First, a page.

on changed his opinions; and in July, 1774, cosmopolitan New York, where he had neither father, nor mother, nor sister, nor brother, nor one person in whose veins ran the same blood as his own, adopted the volunteer from the tropics as its son.
The committee of fifty-one, with some of whom Hamilton was to be bound by the closest political ties, keeping steadily in view the hope of conciliation with England, disavowed the meeting in the Fields.
A minority of nine, Sears, MacDougal, Van Brugh Livingston being of the number, in their turn disavowed the committee from which they withdrew.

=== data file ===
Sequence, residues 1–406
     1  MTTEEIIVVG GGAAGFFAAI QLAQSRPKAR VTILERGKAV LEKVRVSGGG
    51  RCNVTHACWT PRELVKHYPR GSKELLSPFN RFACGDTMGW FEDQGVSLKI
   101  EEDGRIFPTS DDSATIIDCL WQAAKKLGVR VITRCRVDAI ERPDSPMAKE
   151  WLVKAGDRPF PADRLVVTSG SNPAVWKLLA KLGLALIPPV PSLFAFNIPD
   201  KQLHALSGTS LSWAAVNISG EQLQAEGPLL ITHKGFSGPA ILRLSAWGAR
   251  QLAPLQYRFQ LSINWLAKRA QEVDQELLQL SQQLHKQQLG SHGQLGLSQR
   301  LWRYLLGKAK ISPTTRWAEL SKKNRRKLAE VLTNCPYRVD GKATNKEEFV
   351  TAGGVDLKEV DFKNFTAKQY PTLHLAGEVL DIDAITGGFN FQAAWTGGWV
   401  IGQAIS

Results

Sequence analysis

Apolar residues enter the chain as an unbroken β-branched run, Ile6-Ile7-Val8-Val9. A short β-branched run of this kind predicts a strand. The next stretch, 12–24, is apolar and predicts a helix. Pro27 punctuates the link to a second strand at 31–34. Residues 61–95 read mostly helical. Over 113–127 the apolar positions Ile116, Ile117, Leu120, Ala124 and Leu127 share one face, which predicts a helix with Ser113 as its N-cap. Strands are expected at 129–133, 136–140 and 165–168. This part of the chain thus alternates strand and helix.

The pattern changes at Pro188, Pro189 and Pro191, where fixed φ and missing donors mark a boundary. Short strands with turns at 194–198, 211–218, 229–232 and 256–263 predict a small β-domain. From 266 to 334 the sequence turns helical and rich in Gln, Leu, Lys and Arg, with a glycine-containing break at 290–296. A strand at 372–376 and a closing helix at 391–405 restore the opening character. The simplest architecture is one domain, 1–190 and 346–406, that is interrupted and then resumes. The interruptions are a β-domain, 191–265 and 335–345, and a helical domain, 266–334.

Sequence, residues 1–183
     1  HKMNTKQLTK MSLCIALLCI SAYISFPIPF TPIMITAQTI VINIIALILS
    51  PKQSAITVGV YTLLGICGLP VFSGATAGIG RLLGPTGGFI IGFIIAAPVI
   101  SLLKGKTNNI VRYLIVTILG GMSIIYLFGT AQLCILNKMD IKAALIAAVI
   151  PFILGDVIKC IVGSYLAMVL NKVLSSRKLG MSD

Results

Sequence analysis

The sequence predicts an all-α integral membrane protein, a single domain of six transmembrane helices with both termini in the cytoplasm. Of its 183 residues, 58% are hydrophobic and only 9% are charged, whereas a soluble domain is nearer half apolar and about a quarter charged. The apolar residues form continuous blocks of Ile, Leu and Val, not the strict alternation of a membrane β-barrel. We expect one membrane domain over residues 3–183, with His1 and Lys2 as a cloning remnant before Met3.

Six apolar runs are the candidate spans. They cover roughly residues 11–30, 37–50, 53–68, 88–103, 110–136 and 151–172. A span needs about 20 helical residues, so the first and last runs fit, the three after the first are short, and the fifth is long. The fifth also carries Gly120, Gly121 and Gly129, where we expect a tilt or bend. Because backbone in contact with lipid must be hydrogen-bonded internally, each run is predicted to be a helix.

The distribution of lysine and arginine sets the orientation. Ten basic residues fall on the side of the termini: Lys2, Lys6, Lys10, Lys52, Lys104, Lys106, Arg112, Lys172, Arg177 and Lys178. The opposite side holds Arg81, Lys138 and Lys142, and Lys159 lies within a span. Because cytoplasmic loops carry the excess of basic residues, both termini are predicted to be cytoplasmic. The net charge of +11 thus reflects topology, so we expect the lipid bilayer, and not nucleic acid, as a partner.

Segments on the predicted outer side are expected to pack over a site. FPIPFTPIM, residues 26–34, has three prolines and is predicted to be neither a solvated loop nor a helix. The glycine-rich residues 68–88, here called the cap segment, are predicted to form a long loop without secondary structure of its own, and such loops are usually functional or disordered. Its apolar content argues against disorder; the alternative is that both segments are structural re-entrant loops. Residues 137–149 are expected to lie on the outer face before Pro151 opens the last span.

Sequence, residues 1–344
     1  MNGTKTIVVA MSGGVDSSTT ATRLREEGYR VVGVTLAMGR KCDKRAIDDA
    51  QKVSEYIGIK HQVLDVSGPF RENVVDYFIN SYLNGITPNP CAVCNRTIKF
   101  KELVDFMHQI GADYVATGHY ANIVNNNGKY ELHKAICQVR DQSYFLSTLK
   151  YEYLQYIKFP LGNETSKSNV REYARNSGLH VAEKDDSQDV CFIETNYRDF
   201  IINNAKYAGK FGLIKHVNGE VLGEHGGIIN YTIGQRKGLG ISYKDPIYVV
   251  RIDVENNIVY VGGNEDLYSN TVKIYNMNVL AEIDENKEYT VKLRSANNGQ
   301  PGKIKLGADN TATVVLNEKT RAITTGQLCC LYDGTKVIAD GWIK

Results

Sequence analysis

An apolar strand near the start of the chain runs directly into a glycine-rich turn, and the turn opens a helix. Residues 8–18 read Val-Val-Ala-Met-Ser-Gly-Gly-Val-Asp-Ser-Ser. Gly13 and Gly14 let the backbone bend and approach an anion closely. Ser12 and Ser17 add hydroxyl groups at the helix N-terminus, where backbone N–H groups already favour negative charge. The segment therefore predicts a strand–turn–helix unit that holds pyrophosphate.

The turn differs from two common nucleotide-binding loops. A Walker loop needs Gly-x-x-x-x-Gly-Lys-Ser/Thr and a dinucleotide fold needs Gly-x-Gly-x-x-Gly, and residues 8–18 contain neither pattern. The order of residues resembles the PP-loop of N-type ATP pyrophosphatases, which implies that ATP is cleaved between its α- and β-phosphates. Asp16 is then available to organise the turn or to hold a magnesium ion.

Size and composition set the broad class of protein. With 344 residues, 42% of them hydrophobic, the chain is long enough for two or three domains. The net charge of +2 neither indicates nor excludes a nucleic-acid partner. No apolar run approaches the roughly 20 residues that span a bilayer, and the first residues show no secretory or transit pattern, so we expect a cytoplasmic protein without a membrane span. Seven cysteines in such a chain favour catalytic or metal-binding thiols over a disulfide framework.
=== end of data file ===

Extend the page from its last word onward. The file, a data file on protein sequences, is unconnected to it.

The conservative party, on their side, offered resolutions which Jay had drafted, and which seemed to question the conduct of Boston in destroying the tea; but the people, moved by the eloquence of John Morin Scott, rejected the whole series, as wanting in vigor, sense, and integrity, and tending to disunion.
Thus began the conflict of two parties which
Chap. VI.} 1774. July. were to increase in